Pacific players

Pacific High School students Jack Lehnherr, left, and brothers Colton and John Morrill-Keeler all play significant roles on Coquille's football team. 

JOHN GUNTHER, The World

COQUILLE — Every day, brothers Colton and John Morrill-Keeler and Jack Lehnherr hop into John’s car at Pacific High School as their school mates head to their final class and drive north and then east to Coquille High School.

The brothers have followed this routine for three falls now because it’s the only way they can play high school football. Lehnherr joined them this year after transferring to Pacific from Powers.

This is the third year Coquille and Pacific have had a cooperative agreement for football. It’s proved beneficial for both schools. Pacific’s kids get to play a sport they love and Coquille gets a few extra athletes who contribute on the field.

“It’s tiring, but it’s fun playing with the guys,” John said of the daily routine.

When the brothers were growing up, Pacific had a cooperative agreement with Bandon, a much shorter drive. But when the Tigers dropped down to Class 2A, they couldn’t combine with Pacific and remain a Class 2A school for football because their combined enrollments were well over the limit for the classification. It hasn’t been an issue at Coquille, which is at the bottom of the enrollment range for Class 3A.

Bandon dropped down to Class 2A before John’s freshman year, and for that season he wasn’t able to play football.

“It was hard,” he said, adding that when he first heard the prospect of playing for Coquille, “it was exciting.”

The agreement with Coquille started when he was a sophomore and Colton a freshman and was a great relief for the siblings.

“I was playing for Bandon since third grade,” said Colton, who said he loves football and didn’t want to miss out in high school.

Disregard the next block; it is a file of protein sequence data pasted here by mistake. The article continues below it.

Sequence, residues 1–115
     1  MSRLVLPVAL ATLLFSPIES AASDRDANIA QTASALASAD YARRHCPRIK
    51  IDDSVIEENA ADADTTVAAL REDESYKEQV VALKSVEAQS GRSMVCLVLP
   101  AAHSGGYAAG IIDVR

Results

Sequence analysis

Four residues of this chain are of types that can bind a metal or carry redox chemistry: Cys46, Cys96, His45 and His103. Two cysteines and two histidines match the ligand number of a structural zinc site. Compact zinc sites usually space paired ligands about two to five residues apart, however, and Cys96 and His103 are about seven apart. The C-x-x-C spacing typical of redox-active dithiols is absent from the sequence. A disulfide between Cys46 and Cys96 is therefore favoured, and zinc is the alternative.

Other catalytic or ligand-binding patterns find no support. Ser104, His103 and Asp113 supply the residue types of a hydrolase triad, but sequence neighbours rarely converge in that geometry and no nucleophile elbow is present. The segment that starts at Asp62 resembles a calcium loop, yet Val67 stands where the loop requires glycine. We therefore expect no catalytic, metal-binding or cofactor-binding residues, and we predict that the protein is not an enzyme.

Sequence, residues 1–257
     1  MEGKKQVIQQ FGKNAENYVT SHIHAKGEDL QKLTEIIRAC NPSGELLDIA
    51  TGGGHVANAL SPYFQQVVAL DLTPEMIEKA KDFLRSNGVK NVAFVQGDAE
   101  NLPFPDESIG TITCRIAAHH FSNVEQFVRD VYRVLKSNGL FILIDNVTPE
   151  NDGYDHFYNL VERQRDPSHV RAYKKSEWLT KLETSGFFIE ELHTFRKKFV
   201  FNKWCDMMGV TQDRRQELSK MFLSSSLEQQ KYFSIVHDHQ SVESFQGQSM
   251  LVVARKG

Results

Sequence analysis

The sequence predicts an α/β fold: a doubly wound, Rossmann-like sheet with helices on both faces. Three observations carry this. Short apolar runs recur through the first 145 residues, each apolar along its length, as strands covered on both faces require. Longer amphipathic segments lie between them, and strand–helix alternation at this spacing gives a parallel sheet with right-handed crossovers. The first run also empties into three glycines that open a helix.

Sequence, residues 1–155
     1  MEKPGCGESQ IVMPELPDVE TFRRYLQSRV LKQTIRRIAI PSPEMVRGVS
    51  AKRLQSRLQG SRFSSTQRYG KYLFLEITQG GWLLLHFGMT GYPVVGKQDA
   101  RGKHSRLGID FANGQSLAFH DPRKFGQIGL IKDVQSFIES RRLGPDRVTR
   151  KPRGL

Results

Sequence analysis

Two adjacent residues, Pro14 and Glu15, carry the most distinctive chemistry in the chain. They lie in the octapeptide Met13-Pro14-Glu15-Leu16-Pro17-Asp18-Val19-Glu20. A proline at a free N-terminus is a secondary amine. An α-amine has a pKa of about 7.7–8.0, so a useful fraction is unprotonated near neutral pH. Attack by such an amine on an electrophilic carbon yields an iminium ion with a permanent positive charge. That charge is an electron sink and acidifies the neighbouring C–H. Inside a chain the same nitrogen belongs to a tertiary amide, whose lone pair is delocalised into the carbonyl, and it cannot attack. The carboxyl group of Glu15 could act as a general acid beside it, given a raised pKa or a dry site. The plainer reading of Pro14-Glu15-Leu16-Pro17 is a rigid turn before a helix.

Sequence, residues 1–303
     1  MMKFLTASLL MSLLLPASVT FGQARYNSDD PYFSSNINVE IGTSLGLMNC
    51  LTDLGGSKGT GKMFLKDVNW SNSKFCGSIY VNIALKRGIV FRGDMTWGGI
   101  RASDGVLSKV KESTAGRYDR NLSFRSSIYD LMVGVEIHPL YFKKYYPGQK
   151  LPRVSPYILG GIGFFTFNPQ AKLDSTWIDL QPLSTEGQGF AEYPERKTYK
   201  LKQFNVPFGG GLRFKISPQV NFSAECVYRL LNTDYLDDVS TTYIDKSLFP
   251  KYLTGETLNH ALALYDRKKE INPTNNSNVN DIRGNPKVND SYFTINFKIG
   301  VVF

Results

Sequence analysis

There were five Pacific players in Coquille’s program that first year. The transition to playing for the Red Devils went well.

“They kind of welcomed us in,” John said.

Coquille coach David Thomason said the arrangement has been great.

“I’m real glad our schools figured out a way to allow these young men to be Red Devils,” he said. “They are all great young men with bright futures.

“All were accepted as family from day one. Their commitment, talent and character was apparent.”

And the Pacific players have become significant contributors.

John, who stands 6 feet, 8 ½ inches, has become a receiving threat and lines up at one defensive end, opposite Lehnherr, the shortest of the three at 6-3.

Colton is John’s backup at defensive end and a tight end and Lehnherr has transitioned in recent weeks into a slot receiver.

This week, as Coquille prepares for playing Scio in the Class 3A quarterfinals Friday night, they are expecting to play major roles, especially on defense against the run-happy Loggers.

“They’re physical and big,” Lehnherr said. “I think we’re a lot faster than they are. Their line looks huge.”

Coquille is toying with different defensive philosophies, including how many linemen to use against Scio’s double-wing, but in all the scenarios, the linemen are going to have the job of occupying Scio’s blockers so the linebackers can make tackles.

“Coach has told us we are going to be bruised and sore,” John said.

The brothers had been acclimated into Coquille’s program over the past three seasons. For Lehnherr, this year posed a big change from the eight-man format he used in Powers, but he said he has adjusted well, especially to the defensive end position.

“Playing eight-man made me quicker and a better open-field tackler,” he said.

As for all the extra hours in the car?

“It will be worth it if we win the state championship,” Lehnherr said.

The Red Devils, and their small band of Pirates, can take a big step in that direction Friday night.

0
1
0
0
5